How does that happen? Most of you are familiar with the term guilt by association. That means if I hang around with a fellow who has committed a crime, I may be considered guilty also because of my close relationship with him. Turn that concept around and you've got Christmas. It is grace by association. All the grace of God is available to me by virtue of my relationship with Jesus Christ. Think of it, Christ On Welfare - Various - Goodbye. All the riches. All the prestige of his good name is mine.
But someone will say, "You don't deserve that. That's the grace of our Lord Jesus Christ. If I deserved it, I wouldn't need Jesus. But through my association with Jesus Christ, suddenly I am a rich man. The theologians have a word for this as well. They call it the doctrine of imputation. It's what happens when I come to Jesus Christ. He takes my sin, and I take his righteousness.
I don't earn it; it is imputed to me. It is credited to my account. That's grace by association. When I come to Jesus Christ, I come as a pauper in the spiritual realm.
My hands are empty, my pockets bare, I have nothing to offer, no claim to make. All my good works are as filthy rags; my resume is filled with failure. All my life I have gone two steps forward and three steps back. When I come to Christ, I am fed, clothed, filled, forgiven, crowned with every good thing. He takes away my rags and puts around me the robe of his righteousness. Everything that was against me is gone.
Everything I lacked, I now have. Once I was poor. Cruel World (Cassette) I am rich. That's the grace of God. And it happened because of Christmas. He who was rich became poor for my sake that I through his poverty might become rich.
I have already mentioned that my name is nowhere on the list of billionaires. But what of it? Spurgeon commented that a rich man on earth has a cistern full of riches, but a poor saint has a fountain of mercy ever flowing Christ On Welfare - Various - Goodbye him. Let that saint draw as much water as he wants, for the fountain will never run out. So I am richer than I think, and so are you. And all because Christ became poor for us. Let us rejoice this year that these things are true, and let us teach them to our children and grandchildren that they may know what this season is all about.
Have you ever heard of a macaronic hymn? It means a hymn containing words and phrases from two different languages. That gives us a clue to the origin of this carol. Mixing two different languages means it probably started as a folk tune of some sort.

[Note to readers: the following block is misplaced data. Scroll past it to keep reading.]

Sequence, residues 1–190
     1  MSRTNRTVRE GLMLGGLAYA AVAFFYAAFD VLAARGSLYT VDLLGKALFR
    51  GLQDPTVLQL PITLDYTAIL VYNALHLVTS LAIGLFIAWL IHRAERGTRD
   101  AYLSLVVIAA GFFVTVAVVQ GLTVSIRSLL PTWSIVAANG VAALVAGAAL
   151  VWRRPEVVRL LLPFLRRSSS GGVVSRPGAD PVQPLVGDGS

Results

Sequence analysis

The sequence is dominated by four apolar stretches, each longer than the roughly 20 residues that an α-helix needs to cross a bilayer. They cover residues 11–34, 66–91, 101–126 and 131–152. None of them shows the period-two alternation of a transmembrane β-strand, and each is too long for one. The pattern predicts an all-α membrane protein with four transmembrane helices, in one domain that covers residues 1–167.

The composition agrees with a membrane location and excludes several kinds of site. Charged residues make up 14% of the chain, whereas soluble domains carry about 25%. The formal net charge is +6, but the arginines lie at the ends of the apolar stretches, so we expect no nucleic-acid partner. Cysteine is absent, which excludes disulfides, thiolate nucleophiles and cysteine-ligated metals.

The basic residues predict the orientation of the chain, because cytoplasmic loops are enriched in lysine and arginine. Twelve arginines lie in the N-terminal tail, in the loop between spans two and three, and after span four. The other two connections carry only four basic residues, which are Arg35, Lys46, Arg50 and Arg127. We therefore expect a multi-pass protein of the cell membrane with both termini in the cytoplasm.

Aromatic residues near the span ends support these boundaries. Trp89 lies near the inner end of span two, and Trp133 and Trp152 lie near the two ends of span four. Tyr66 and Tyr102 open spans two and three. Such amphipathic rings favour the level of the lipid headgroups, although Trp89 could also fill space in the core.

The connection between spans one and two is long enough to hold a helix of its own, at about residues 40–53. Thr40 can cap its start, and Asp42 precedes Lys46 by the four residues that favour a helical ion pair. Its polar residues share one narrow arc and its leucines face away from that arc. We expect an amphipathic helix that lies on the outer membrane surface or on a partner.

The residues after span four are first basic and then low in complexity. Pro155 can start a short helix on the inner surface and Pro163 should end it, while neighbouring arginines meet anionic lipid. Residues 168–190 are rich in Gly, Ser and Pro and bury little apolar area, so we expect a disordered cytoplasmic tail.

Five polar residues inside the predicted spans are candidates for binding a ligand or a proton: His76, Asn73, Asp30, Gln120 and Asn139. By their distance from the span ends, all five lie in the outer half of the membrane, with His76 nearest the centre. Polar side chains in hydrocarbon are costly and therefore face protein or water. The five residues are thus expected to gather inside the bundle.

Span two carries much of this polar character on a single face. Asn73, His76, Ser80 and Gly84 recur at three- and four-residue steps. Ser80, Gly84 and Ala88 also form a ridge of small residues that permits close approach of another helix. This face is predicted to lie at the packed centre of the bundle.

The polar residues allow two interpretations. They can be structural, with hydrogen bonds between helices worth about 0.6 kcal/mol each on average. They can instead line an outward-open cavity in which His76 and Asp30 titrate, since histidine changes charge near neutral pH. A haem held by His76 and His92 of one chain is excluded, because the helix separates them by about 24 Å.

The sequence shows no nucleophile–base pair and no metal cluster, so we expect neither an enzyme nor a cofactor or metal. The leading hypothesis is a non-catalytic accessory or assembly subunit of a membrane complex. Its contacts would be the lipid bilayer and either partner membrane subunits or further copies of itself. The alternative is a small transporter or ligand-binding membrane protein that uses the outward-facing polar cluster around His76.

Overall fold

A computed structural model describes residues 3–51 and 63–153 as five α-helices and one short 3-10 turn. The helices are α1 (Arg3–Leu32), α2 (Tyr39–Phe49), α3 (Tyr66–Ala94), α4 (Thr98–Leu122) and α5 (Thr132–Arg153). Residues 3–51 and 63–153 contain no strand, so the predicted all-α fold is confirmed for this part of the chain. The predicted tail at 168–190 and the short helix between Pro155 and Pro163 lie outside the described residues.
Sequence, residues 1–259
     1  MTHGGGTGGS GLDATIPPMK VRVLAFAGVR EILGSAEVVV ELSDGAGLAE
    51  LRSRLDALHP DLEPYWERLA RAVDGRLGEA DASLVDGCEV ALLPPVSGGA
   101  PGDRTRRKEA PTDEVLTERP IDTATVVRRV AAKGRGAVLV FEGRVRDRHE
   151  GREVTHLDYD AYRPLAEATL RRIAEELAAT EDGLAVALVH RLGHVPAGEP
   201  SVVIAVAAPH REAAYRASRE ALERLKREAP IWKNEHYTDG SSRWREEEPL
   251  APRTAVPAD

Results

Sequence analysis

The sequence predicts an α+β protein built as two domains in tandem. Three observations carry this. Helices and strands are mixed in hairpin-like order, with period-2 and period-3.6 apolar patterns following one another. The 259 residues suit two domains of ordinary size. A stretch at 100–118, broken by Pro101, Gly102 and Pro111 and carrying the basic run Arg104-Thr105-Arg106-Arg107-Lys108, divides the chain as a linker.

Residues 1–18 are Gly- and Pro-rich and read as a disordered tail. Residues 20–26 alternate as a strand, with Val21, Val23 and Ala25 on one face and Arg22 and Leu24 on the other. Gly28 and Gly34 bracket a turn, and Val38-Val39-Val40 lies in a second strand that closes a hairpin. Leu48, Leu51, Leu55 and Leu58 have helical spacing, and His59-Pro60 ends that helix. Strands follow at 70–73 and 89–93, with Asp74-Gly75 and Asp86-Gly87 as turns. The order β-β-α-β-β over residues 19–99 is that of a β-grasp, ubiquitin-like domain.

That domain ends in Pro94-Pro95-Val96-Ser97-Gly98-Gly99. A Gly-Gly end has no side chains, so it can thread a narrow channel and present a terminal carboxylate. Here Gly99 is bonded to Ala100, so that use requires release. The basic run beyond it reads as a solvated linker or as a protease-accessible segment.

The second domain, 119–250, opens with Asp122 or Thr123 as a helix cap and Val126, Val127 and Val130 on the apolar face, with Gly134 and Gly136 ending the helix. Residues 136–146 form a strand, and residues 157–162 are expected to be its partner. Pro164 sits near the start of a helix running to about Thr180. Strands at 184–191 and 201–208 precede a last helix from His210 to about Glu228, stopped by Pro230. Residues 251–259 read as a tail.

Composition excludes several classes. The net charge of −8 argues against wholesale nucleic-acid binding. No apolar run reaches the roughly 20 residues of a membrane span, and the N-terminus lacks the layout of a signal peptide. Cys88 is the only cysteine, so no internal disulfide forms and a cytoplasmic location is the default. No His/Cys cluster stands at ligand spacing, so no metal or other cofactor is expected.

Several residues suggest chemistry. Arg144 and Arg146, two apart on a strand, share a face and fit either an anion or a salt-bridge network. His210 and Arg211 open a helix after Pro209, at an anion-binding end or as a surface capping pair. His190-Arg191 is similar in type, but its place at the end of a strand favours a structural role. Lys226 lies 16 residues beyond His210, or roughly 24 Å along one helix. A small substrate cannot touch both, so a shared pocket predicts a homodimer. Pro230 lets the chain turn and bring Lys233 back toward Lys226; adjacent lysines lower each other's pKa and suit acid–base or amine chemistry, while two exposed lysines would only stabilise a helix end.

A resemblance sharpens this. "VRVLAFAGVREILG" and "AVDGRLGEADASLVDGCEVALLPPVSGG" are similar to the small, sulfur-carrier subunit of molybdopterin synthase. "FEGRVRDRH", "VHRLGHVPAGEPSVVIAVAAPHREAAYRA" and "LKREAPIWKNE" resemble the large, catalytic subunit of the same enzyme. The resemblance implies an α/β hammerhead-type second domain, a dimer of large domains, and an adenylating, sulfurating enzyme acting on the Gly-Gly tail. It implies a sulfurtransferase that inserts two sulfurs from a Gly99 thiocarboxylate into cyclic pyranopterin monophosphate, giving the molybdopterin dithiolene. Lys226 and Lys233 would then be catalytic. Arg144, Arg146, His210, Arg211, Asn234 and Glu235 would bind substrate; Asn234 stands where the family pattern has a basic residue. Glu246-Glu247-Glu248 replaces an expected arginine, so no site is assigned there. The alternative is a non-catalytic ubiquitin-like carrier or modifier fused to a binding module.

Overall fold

Bach used it twice, and Franz Liszt included it in one of his piano suites. As for the carol itself, the jubilant tone reminds us Christmas ought to be the most joyous season of the year: Good Christian men, rejoice with heart and soul, and voice; Give ye heed to what we say: News!
Jesus Christ is born today; Ox and ass before Him bow; and He is in the manger now. Christ is born today! The second verse reminds us why Christ came: Good Christian men, rejoice, with heart and soul and voice; Now ye hear of endless bliss: Joy! Jesus Christ was born for this! He has opened the heavenly door, and man is blest forevermore. Christ was born for this! The final verse gives us the gospel promise of everlasting life: Good Christian men, rejoice, with heart and soul and voice; Now ye need not fear the grave: Peace!
Jesus Christ was born to save! Calls you one and calls you all, to gain His everlasting hall. Christ was born to save! I know that for some people, Christmas can be a hard season of the year, especially when things have not worked out the way we hoped they would. While I would not minimize the sadness of life, 2 Corinthians reminds us of a truth that is both deeper and higher than the disappointments of this messed-up world. We who were poor have been made rich by Christ who became poor for our sake.
If you belong to Jesus, then Christmas belongs to you. Because Christ became poor, we are now the richest people in the world. We were naked, and you clothed us.
We were hungry, and you fed us. We were thirsty, and you gave us living water. We were poor, and you made us rich. We were guilty, and you forgave us. We were lost, and you found us. We were dying, and you saved us. Glory to your name forever! Do you have any thoughts or questions about this post?